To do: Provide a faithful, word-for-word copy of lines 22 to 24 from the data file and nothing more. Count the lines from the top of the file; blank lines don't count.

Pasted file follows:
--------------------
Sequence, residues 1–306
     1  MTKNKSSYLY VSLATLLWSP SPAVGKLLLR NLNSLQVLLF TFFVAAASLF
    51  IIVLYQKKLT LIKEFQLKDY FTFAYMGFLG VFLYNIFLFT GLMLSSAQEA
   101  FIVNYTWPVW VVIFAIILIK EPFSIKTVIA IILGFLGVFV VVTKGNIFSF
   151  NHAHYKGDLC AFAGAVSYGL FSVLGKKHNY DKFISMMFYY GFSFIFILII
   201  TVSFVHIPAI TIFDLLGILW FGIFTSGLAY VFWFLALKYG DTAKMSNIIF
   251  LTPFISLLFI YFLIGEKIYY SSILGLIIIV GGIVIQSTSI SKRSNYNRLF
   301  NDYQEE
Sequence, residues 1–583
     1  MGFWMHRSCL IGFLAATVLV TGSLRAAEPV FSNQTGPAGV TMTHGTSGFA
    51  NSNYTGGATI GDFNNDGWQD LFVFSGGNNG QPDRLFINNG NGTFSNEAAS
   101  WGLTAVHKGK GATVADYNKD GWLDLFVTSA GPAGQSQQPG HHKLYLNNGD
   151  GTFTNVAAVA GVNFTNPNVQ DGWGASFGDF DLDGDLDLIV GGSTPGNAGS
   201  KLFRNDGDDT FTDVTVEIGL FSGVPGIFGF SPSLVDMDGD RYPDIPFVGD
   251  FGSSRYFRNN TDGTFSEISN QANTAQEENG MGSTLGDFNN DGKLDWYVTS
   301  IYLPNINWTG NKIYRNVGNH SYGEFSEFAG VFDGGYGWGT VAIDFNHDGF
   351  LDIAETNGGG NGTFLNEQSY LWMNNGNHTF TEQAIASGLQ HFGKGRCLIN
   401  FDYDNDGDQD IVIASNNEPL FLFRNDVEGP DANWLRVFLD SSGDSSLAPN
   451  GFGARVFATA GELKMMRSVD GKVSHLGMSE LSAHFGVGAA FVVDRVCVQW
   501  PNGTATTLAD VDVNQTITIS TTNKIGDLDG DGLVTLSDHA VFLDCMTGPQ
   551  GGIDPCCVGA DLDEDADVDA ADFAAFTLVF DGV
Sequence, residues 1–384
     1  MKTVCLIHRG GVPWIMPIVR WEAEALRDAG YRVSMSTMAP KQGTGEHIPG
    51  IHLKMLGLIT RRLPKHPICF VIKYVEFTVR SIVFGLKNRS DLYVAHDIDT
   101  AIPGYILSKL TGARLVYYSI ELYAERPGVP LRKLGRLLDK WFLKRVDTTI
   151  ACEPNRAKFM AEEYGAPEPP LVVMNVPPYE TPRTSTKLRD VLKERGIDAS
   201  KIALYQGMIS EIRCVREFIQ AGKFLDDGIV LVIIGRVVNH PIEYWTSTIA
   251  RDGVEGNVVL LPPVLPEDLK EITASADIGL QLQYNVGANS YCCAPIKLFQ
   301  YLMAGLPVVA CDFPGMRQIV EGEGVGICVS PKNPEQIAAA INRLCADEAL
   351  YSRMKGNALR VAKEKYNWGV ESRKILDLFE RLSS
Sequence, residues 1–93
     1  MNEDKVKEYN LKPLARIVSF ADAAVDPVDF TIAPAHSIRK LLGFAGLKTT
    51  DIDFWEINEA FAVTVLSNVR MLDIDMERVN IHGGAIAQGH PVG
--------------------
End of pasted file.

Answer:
Sequence, residues 1–384
     1  MKTVCLIHRG GVPWIMPIVR WEAEALRDAG YRVSMSTMAP KQGTGEHIPG
    51  IHLKMLGLIT RRLPKHPICF VIKYVEFTVR SIVFGLKNRS DLYVAHDIDT